I buy a lot of goods through eBay and one of the main reasons is because eBay already has systems in place to rank their vendors. There will often be multiple vendors on eBay selling the exact same item at a very similar price and eBay makes it really easy to choose. First off, I look for the ”Premium” service label and then prioritize via positive Feedback percentage– as close to 100% as possible. I would never, for example, buy from a vendor with a positive feedback percentage under 90%. Using this system, I’ve never experienced any issues with any products bought through eBay.

Warranties And Returns


These are the two areas where brick-and-mortar stores still hold a big advantage over online stores. It’s rare to come across an online vendor who will pay for the goods to be returned, even when said goods are faulty. Make sure to check out the vendor’s returns policy before committing to buy.

As for warranties, I don’t place too much faith in online warranties. By the time you add up the cost of returning the item plus meet the demands of most online vendors — e.g., that the goods must be returned in the exact same packaging — and even possibly have to pay for the replacement or repaired item to be sent back to you, it is often more economical to write the whole thing off to experience. Two words spring to mind here, ”convenience” and ”certainty”, and these are the main reasons I will never purchase big-ticket items online. If I buy said items from a brick-and-mortar store, I know all I have to do is take the faulty item back to that store at any time during the warranty period and there will be no problems with obtaining a replacement or refund. Unfortunately, the same cannot be said for all online stores.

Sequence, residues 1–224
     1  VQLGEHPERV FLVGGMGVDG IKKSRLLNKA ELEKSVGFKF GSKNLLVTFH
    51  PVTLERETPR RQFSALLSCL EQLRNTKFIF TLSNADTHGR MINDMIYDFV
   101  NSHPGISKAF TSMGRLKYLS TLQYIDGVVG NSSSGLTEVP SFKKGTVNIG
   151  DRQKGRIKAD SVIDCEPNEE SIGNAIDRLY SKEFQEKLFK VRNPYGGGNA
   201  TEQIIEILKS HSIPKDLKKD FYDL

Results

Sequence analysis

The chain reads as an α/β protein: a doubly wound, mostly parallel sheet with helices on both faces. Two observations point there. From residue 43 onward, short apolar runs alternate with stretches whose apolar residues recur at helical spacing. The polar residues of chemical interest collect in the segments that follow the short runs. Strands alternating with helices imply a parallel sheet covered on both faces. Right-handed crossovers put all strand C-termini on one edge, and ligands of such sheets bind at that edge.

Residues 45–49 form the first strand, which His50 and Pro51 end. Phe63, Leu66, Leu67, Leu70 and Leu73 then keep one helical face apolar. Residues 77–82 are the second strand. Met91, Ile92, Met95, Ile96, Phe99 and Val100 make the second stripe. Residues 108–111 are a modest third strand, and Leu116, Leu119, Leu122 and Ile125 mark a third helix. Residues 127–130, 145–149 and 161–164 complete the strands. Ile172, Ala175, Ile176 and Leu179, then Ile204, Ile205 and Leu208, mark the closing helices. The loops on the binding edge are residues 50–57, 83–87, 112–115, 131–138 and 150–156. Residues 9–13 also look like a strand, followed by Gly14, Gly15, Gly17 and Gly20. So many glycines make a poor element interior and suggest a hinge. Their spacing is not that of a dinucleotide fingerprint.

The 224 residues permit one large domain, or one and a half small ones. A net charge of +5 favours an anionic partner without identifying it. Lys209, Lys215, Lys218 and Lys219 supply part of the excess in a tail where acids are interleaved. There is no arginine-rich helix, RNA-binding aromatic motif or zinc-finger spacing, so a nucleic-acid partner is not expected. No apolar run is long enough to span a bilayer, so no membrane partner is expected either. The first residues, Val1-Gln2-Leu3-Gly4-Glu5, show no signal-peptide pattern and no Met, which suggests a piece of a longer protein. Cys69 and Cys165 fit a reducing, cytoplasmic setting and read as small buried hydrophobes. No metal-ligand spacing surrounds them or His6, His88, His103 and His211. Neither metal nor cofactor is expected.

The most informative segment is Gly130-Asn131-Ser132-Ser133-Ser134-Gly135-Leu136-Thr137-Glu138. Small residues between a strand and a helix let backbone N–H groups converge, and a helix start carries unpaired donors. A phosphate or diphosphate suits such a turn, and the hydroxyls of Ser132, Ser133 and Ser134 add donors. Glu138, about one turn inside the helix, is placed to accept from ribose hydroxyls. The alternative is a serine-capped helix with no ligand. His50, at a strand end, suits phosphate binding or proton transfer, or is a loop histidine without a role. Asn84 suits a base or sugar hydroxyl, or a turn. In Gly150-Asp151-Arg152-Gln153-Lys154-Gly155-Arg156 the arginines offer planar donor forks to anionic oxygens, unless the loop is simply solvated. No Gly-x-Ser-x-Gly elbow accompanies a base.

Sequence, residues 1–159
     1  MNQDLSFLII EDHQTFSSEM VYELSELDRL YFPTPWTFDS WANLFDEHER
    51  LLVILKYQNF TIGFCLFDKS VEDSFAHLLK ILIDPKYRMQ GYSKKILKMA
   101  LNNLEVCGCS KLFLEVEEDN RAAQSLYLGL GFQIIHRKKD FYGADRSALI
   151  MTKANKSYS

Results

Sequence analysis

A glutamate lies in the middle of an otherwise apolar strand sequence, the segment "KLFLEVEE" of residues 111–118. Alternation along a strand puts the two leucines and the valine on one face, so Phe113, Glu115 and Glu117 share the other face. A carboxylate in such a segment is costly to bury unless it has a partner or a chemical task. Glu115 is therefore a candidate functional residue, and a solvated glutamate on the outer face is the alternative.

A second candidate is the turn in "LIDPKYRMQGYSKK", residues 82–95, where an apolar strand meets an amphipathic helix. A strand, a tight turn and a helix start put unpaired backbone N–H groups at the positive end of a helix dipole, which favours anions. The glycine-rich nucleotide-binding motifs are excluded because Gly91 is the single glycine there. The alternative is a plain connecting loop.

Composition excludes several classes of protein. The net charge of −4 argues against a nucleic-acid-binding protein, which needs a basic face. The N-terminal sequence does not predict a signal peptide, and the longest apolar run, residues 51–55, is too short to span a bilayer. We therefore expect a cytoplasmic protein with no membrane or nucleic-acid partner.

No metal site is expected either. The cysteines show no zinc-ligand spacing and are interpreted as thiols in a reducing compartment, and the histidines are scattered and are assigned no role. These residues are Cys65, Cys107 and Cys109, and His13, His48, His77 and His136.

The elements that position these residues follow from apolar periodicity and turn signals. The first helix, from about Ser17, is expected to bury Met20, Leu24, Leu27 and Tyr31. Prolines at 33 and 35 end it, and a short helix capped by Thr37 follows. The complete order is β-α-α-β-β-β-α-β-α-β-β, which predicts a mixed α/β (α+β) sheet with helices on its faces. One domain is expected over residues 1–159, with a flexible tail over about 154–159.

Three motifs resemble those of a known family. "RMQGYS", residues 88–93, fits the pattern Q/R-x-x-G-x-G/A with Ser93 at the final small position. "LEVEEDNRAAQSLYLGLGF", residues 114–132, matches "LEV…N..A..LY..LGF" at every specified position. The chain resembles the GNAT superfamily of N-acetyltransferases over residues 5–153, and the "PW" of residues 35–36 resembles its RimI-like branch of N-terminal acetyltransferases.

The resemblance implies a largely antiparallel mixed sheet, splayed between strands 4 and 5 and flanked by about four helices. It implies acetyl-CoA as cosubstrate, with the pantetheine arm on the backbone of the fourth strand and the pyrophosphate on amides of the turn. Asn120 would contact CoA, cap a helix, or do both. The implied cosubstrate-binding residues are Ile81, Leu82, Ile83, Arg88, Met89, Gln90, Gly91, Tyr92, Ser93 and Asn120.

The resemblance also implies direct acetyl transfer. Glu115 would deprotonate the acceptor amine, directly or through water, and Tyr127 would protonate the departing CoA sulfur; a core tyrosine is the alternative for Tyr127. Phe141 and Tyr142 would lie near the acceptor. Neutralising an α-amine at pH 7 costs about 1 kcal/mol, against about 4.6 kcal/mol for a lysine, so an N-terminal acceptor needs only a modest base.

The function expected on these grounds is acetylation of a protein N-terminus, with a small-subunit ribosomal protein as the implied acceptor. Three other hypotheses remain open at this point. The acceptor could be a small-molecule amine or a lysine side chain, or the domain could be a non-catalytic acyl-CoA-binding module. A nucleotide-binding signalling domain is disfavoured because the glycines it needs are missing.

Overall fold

Always open the package and check the contents as soon as possible after delivery. Most online vendors limit the acceptance of returned goods to a specific time period after delivery, some 14 days, and others up to 30 days. I fell for this trap once when I purchased a new sub-woofer online that was delivered damaged– I’m assuming in transit. I was upgrading my sub-woofer and the existing woofer was still working well so, due entirely to my own laziness, I put the new sub-woofer in the garage, still boxed, and didn’t get ’round to swapping out the old with the new until well past the 30-day limit which was, obviously, when I discovered the damage. I subsequently sent photos of the damage to the vendor but customer support refused to budge. They were well within their rights of course and… lesson learned.

Always use a reputable payment option other than a credit card or bank deposit. As I mentioned earlier, I always pay with PayPal and, if the vendor doesn’t provide that option, I will not buy. If you encounter problems with a vendor, either non-delivery or delivery of a faulty or incorrect item, PayPal will always intercede on your behalf. If you are in the right, PayPal will see to it that you are treated fairly and, in some cases, refund the amount of the original payment back into your PayPal account.